The Science and Technology team has successfully prepared regenerated fibres from pre-consumer and post-consumer cotton and polyester. Attempts to degrade polyester and in a further step rehabilitate the polymer into a polyester quality suitable for fibre spinning has also been successful. An important step of the work is to collect, define and adapt the raw materials used to fulfil the quality requirements of the regeneration processes by utilizing a combination of different mechanical and chemical treatments. The refining sequences for the various raw materials, cotton and polyester, have been developed and the technical feasibility of sequences has been estimated. Cotton materials dyed with reactive dyes were able to be bleached with used refining sequences. Some materials have been available with some limitations.

For Prototype 2, a preliminary valorisation plan for regenerated cellulose and regenerated polyester has been defined as well as a preliminary finishing testing plan for regenerated cellulose and regenerated polyester. Discussions among the partners are ongoing to complete these plans are in progress. The organization for production of different typologies of samples has begun.

In order to assure an effective value chain for regenerated fibres, commercial technology for automatic sorting of textile waste has been tested and evaluated. One of the tasks in T2C deals with the online-sorting of mixed textile post-consumer waste to optimize the automatic sorting technologies to sort on fibre composition. The task objective is to test various sorting techniques available on the market in their present form and evaluate the technical potential in recognizing and sorting garments by their material contents. Clothing can be rather complex with many layers and attributes. In this evaluation only monolayer garment is to be considered. When there was doubt due to the fibre content of the textile, chemical analysis has been performed. This could be an effect of the recognition result, but also due to mislabelling of the garments. The evaluation results will be presented in a public report in March 2017.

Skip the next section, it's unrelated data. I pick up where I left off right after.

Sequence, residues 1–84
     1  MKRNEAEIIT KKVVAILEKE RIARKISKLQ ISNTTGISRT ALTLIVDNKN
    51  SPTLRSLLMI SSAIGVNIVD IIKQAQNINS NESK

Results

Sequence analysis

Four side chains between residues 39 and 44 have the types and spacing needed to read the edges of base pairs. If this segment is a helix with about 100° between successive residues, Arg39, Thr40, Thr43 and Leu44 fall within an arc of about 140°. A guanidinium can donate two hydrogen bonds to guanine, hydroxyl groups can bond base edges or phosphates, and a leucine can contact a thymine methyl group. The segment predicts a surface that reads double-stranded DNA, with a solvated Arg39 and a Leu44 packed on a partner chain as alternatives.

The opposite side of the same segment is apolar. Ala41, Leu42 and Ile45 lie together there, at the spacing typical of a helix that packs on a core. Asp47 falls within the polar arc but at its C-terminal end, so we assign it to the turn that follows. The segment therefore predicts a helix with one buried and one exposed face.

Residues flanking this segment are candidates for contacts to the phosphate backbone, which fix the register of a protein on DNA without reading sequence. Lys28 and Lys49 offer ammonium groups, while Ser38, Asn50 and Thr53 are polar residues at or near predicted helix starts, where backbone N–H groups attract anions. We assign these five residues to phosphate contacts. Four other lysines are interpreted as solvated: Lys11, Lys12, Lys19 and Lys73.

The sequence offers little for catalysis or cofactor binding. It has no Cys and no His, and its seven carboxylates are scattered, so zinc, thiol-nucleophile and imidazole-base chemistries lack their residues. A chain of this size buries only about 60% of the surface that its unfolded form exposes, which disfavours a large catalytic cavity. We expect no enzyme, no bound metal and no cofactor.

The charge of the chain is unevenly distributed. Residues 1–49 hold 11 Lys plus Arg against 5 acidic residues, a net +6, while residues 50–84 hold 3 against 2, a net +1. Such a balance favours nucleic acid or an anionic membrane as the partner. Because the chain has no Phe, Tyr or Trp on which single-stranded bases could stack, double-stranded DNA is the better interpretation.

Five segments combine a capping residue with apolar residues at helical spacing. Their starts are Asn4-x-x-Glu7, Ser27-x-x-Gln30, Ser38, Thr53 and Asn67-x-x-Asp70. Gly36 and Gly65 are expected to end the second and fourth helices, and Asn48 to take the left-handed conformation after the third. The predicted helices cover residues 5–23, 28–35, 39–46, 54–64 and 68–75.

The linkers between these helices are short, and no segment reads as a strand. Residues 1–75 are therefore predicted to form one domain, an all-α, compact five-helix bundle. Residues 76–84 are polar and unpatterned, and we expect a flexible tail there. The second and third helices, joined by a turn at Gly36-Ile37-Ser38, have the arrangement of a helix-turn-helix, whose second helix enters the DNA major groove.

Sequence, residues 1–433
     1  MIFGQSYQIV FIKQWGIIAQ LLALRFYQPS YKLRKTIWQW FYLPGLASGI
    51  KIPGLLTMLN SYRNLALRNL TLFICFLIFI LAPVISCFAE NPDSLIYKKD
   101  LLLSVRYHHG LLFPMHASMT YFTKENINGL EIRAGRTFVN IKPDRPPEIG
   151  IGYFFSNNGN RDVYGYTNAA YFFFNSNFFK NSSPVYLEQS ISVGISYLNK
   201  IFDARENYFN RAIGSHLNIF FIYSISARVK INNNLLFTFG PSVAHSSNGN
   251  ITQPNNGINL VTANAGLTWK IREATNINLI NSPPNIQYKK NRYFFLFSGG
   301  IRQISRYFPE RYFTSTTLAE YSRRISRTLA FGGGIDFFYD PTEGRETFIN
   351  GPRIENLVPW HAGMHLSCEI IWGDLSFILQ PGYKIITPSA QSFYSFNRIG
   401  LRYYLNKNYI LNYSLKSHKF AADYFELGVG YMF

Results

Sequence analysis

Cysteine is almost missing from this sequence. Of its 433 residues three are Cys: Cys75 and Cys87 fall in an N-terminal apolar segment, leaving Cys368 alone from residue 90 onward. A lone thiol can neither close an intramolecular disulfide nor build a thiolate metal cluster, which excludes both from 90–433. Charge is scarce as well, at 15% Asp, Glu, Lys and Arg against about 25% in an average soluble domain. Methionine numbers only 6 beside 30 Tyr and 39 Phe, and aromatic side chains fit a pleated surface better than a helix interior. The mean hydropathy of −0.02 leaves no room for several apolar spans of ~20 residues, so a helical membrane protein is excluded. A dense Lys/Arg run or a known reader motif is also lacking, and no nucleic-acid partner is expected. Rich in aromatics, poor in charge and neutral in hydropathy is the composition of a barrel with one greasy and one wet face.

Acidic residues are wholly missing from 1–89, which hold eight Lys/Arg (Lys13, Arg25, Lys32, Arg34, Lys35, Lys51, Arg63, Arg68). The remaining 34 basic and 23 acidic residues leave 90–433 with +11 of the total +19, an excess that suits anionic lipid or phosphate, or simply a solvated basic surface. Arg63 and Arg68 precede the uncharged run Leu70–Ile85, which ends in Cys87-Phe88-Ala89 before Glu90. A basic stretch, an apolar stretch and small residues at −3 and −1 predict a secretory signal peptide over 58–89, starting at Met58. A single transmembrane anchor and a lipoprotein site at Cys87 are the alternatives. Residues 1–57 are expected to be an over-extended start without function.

The work performed during the first 18 months has successfully combined the knowledge of the three streams. It’s resulted in the prototype 1, which is connected to the first Milestone of the project. The design team, consisting of both academic and industrially connected designers, have refined the prototype material through an exchange with the Science and Technology team. The Design team also have had a two-sided exchange with the Manufacturing team. This team have started drawing up the manufacturing and showcase production during first cycle of the project. The Manufacturing team has been in continuous communication with the designers in order to adjust the design to production conditions and vice versa. Prototype 1 will be evaluated by LCA and LCC to facilitate communication of the potential of the product. A study on the perception by the potential consumer by the prototypes has been initiated through consumer behavioural research.

Progress beyond the state of the art and expected potential impact (including the socio-economic impact and the wider societal implications of the project so far)

The processes developed in the project shows potential to be economically and sustainably feasible. The eco-fibres from recycled cotton fibres developed using environmentally friendly ionic solvents and bio-catalytic approaches have the potential of becoming a viable alternative to virgin cotton. The continuous inputs from both academic and business attached designers assure a fibre adapted to a market demand. Their work has resulted in several promising design concept that will be used in the development of future prototypes in the project or exploited by the consortium partners and third parties. Simultaneously the design driven material innovation methodology used in the process are being tested, evaluated and developed and constitutes a result with the potential of encourage a close cooperation and interaction between designer and manufacturers. New markets will open with manufacturing of designed objects with prominent consumer-related and sustainability properties. This design driven initiative will increase the value of the creative sector within Europe, also encourage new business/network opportunities between different countries in Europe.